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Beautiful, no?

As it dried, the gel medium turned mostly clear, leaving a blue brushstroke effect on top.

But, since I appear to have entirely failed at taking a picture of that final product, you’ll just have to take my word for it for now.

Next up, Fun With Mod Podge Part II: Tissue Paper. Because naturally, when I thought “How do I make the drawer black?”, I came up with, “Black tissue paper”. Not something logical, like paint. Yeah. Wish me luck?

What’s your favourite “art project”? (Projects gone into with logic and skills are not acceptable answers)

Triangle Mug Cozy Pattern

It has certainly been awhile since I designed a pattern. I would like to say that this pattern is a brand new creation, but in fact I designed it many, many years ago as a scarf. I haven’t touched it since then, and when I was asked to knit a mug cozy for a gift this year, I realized it was time to resurrect it.


This pattern can be scaled to be wider or narrower, just cast on any number of stitches that is a multiple of 4 and adjust the pattern accordingly. For a smaller mug, it would probably be best to either use lighter weight yarn and smaller needles or do 12 stitches instead of 16.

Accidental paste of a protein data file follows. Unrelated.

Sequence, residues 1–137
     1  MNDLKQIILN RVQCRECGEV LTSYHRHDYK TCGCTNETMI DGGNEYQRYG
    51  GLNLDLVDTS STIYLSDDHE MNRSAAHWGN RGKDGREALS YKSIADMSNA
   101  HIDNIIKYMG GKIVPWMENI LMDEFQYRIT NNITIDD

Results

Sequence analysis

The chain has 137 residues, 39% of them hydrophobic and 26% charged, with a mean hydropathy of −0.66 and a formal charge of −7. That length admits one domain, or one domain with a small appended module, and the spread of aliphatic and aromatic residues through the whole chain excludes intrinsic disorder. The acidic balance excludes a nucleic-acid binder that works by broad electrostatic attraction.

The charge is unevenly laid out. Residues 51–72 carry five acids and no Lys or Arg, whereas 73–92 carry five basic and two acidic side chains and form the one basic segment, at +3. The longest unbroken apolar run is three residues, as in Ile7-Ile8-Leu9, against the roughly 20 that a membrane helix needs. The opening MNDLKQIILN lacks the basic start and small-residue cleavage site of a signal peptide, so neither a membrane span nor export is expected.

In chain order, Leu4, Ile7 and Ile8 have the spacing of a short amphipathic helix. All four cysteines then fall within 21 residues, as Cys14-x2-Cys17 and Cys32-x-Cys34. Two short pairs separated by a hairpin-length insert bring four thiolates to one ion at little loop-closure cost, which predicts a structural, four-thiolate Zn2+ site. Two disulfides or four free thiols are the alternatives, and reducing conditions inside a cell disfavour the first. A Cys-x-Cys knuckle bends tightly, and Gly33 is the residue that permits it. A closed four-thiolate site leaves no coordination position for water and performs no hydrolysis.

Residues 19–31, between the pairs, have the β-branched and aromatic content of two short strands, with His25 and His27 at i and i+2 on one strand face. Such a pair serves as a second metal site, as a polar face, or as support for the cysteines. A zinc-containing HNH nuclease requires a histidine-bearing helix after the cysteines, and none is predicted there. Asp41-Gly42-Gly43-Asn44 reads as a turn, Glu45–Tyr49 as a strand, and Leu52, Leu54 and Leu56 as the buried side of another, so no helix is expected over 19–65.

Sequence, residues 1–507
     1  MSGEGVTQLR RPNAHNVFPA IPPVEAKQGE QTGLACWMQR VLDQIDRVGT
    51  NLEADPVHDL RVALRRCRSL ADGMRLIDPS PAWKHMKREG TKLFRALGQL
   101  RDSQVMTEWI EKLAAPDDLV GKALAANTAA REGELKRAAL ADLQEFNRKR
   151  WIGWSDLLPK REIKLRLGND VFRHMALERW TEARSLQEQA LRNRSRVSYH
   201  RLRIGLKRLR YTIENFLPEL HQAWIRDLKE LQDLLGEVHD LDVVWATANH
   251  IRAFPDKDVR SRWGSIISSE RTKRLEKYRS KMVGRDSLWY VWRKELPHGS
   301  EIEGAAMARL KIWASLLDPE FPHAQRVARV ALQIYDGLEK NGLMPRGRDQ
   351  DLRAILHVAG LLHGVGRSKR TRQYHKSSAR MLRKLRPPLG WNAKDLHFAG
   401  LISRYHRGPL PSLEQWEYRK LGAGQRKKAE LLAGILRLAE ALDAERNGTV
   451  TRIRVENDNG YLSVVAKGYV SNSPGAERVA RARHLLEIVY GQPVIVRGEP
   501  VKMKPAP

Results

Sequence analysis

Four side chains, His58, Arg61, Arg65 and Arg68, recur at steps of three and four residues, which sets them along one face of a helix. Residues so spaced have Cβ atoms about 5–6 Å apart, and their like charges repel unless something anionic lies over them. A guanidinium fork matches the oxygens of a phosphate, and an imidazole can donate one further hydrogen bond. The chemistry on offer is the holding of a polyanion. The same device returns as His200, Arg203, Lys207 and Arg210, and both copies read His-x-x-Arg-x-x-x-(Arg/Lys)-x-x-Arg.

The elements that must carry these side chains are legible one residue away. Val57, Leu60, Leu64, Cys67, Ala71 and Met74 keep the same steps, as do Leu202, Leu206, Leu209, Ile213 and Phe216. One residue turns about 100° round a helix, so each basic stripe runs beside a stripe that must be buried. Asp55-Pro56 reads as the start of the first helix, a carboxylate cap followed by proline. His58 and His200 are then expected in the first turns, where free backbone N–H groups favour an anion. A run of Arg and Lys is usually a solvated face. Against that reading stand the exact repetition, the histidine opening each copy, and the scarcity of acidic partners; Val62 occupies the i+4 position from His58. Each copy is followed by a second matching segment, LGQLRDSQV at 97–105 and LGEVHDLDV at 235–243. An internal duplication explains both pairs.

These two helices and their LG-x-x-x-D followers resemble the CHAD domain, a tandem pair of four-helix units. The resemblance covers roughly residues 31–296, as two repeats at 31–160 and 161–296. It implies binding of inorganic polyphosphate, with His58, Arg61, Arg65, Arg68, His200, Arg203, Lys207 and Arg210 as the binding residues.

Materials: Loops and Threads – Charisma (i.e. bulky weight) in two colors; Size 7 DPNs; (These are what I used, feel free to use smaller yarn and needles); Button with large holes; Tapestry needle

If you are uncomfortable with knitting straight on DPNs, you will also need straight needles of the same size, and will need to transfer to the DPNs for the binding off process.

Skills: knit, purl, i-cord

Main Pattern:

Cast on 16 stitches in C1
Notes: The key to this pattern is to not pull the yarn tight when switching colours. Allow the pattern to keep the colours together, otherwise the holes won’t form. 

Row 1 & 2: With C1: (k2, p2)* rep til end
Row 3: With C1: (p2, k2)* rep til last 4 stitches, p2; With C2: k2
Row 4: With C2: p2; With C1: (k2, p2) rep til end last 2 stitches, k2
Row 5: With C1: (k2, p2)* rep til last 4 stitches; With C2: k2, p2
Row 6: With C2: k2, p2; With C1: (k2, p2)* rep til end
Row 7: With C1: (p2, k2) x 2, p2; With C2: k2, p2, k2
Row 8: With C2: p2, k2, p2; With C1: (k2, p2) x 2, k2
Row 9: With C1: (k2, p2) x 2; With C2: (k2, p2) x 2
Row 10: With C2: (k2, p2) x 2; With C1: (k2, p2) x 2
Row 11: With C1: p2, k2, p2; With C2: (k2, p2) x 2, k2
Row 12: With C2: (p2, k2) x 2, p2; With C1: k2, p2, k2
Row 13: With C1: k2, p2; With C2: (k2, p2) x 3
Row 14: With C2: (k2, p2) x 3; With C1: k2, p2
Row 15: With C1: p2; With C2: (k2, p2) x 3, k2
Row 16: With C2: (p2, k2) x 3, p2; With C1: k2